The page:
What does the Arizona decision mean for Stewart?
UPDATED, 2:05 p.m.--
The blocking of parts of Arizona's controversial immigration law by a federal judge has advocates of the strong-arm approach regrouping and reloading.
In Virginia, first and foremost is Corey A. Stewart, chairman of the Prince William County board of supervisors, who played a key role in enacting similar legislation in his mostly white, bedroom suburb of Washington three years ago. The Republican wants to have the rest of the Old Dominion enjoy Prince William's and Arizona's experience.
"I think the Obama administration has made a strategic blunder," he has said. By filing suit against Arizona's law, the administration "is just trying to intimidate Arizona."
"Intimidate"? Now that's a curious choice of words.
If you want to see examples of intimidation, check out the Web site for Virginia's Rule of Law Campaign, which Stewart launched in June. On it, a smiling Stewart (family photo on right rail) brags that thanks to his law, "illegal aliens fled the county, and the violent crime rate has plummeted." (The former may be true, but the latter is seriously in doubt as statistics have shown little connection between the law and violent crime.)
Stewart's Web site advocates for Virginia exactly the same measures that U.S. District Judge Susan R. Bolton struck down in Arizona. She blocked parts of that state's law that would make it a crime for immigrants not to carry their registration papers with them 24/7, make it illegal to seek employment in public areas, authorize police to make warrantless arrests of people they assume to be illegal aliens, and require police to check a person's immigration status wherever possible.
Granted, as a state bordering Mexico, Arizona has a lot more immigrant traffic than does Prince WIlliam. The Copper State, which didn't join the union until 1912, has for centuries been a spillover region linking Latin America, Native America and European America. It really didn't become Anglo-ized until white retirees started showing up in the 1960s, and only after that did immigration suddenly become a big problem.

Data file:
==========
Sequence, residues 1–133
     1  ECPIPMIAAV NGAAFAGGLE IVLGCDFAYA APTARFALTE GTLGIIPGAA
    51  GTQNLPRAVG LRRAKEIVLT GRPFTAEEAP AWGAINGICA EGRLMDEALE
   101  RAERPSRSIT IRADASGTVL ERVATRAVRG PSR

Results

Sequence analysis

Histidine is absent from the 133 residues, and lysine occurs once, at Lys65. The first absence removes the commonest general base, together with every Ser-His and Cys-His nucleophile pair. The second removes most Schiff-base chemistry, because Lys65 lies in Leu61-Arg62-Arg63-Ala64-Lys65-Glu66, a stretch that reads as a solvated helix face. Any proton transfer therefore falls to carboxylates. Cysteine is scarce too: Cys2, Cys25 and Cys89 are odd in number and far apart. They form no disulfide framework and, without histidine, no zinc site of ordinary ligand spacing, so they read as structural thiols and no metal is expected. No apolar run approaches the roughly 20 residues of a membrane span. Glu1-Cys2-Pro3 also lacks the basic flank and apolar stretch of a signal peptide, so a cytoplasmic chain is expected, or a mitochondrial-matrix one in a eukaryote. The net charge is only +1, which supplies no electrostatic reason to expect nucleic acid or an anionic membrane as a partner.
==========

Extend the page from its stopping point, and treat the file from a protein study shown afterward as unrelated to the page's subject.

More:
As a rather sleepy and affluent suburb, Prince William has not been awash with immigrants in the same way. It is not the hotbed of serious crime that one sees in the District or in Virginia metropolitan areas such as Richmond or Portsmouth. The vast majority of immigrants, documented or otherwise, seem to be hard-working, law-abiding Latinos filling low-end jobs that whites don't want.
As hate-filled and xenophobic as Stewart's views are, he still has support in Virginia. Attorney General Kenneth Cuccinelli filed papers in Arizona supporting that state's law.
How this will play out in autumn congressional elections and the ones for Virginia General Assembly in 2011 depend on how higher courts handle Judge Bolton's decision. It could very well be that the courts will strike down all of the Arizona law, not just parts of it. If so, Prince William's immigration law would be in jeopardy. And Stewart will look like a fool.
Meanwhile, Stewart has quickly penned additions to draft laws that are aimed at sidestepping the pitfalls in the Arizona judicial decision. They also add new punitive measures. Virginia would not make it illegal for immigrants to fail to carry their documents with them, according to Stewart, it would be against the law fort them to register a car in Virginia or buy property. Plus, illegals would have to pay a special fee to wire money out of the U.S.
| July 29, 2010; 12:50 PM ET
Categories: HotTopic, Local blog network, Prince William County, Va. Politics, Virginia, crime, development, economy, housing, police, race, schools
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